Official Brew Master of Clamfest
Mar 21st, 2013 06:15 PM   Edit   Profile  

My youtube experience is homemade videos with copyrighted music get scanned on upload and you get an email in under 5 min that the video may contain copywrited music. They have some very sophisticated software as gdw3 stated.

It floored me to have a video of my camping trip with ambient music playing in the background get pulled. You get an opportunity to challenge and I did by stating I am using it under "fair use", I am not making any money, its for educational purposes only and I dont participate in the YouTube program that gets me money for X ammount of views. I also use the "fair use- its not my music and for educational purposes only" in the notes of the video that apear below the video

I post band videos & FDP jam videos and with the above wording YouTube allows it. Not surehow truely legal it is but it works for me

(This message was last edited by gmanNJ at 08:17 PM, Mar 21st, 2013)



Mar 23rd, 2013 09:51 AM   Edit   Profile  

Thanks for continuing the discussion.

My covers would not be going on YT. They would be going on a web site (probably Broadjam). I would not be selling the cover songs, only "displaying" them (for lack of a better term) for listening only.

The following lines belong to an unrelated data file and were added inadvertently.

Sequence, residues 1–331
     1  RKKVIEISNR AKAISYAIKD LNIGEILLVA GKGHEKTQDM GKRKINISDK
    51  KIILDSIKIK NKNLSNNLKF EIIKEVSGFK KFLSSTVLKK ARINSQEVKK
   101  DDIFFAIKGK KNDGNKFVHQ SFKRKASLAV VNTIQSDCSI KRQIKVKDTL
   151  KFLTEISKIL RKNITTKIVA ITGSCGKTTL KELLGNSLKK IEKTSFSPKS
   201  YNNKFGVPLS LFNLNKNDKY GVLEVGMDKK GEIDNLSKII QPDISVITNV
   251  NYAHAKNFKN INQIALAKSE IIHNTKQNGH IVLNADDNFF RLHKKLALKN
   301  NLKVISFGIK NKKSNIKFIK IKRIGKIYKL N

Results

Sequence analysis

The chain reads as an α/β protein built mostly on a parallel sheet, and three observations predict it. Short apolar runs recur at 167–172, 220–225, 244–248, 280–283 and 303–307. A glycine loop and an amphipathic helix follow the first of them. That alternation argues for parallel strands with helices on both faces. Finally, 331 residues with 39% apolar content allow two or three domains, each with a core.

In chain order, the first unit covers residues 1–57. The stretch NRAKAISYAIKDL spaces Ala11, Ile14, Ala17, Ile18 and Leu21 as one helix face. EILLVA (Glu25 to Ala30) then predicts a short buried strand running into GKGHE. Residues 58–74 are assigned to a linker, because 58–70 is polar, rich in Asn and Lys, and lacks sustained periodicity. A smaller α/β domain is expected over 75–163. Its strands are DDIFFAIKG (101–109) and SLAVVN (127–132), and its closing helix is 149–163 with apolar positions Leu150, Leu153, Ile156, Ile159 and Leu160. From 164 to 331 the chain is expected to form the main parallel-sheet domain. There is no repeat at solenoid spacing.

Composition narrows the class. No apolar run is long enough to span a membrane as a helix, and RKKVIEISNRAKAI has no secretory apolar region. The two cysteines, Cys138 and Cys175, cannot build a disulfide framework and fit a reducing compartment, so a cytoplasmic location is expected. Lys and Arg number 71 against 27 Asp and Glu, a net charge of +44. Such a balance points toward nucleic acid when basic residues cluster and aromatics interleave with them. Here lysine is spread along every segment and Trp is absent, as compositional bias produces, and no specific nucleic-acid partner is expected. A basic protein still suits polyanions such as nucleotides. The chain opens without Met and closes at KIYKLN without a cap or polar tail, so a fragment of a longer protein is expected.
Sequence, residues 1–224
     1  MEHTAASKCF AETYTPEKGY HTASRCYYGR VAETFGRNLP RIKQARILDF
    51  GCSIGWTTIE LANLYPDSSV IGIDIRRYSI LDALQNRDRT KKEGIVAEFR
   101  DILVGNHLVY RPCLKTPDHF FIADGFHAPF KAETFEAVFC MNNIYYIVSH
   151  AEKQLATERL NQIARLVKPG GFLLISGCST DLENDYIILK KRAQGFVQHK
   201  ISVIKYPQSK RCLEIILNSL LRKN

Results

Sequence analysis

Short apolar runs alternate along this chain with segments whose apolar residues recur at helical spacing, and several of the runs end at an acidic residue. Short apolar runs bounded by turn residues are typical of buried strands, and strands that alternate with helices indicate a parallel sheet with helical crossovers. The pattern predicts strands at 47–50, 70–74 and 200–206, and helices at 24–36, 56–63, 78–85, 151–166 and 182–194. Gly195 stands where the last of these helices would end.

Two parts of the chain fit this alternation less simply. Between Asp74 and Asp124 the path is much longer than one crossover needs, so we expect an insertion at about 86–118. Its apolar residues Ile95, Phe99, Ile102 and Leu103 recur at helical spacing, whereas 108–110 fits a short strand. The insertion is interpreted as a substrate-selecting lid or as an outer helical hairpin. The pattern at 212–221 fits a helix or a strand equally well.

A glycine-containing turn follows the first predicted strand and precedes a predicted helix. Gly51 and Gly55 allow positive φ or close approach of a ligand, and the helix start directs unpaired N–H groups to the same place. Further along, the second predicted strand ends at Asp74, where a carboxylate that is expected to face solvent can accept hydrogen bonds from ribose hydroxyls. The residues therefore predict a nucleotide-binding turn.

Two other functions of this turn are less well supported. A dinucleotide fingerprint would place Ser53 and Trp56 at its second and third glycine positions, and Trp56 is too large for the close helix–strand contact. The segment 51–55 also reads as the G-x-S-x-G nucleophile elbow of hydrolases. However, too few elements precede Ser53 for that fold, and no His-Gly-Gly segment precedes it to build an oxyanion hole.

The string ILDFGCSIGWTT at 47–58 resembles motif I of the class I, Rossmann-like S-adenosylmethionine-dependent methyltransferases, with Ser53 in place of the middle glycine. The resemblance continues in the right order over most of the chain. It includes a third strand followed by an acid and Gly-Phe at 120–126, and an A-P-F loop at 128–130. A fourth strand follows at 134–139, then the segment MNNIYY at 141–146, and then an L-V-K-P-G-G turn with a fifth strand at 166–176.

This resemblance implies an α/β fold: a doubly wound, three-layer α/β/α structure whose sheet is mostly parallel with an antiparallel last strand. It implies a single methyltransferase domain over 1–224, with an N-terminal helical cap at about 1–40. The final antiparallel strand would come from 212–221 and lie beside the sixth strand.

LA-la-land, CA

Insert clever comment here
May 6th, 2013 12:22 PM   Edit   Profile  

You should be fine.

Mick Reid
Contributing Member


American-made in Oz!!
Jul 30th, 2013 07:16 PM   Edit   Profile  

There's possibly another perspective to consider...

When you pay for a mechanical license, think of it as the writer is getting paid for their craft.

I've recorded several albums over the last decade and have included a few covers on them.
Yes, they have been recorded for the purposes of sale, but even if they were going to be "friends & family" distributed, I would feel obligated to pay for the licensing. Out of respect for the creator/artist if nothing else.

I reckon if one of my songs was ever covered, (hasn't happened yet!) I would appreciate that the covering artist thought enough of my work to pay for the right to use it.

Just my 2 cents worth...

FDP Forum / Tin Pan Alley - Songwriting / Cover songs and copyright permissions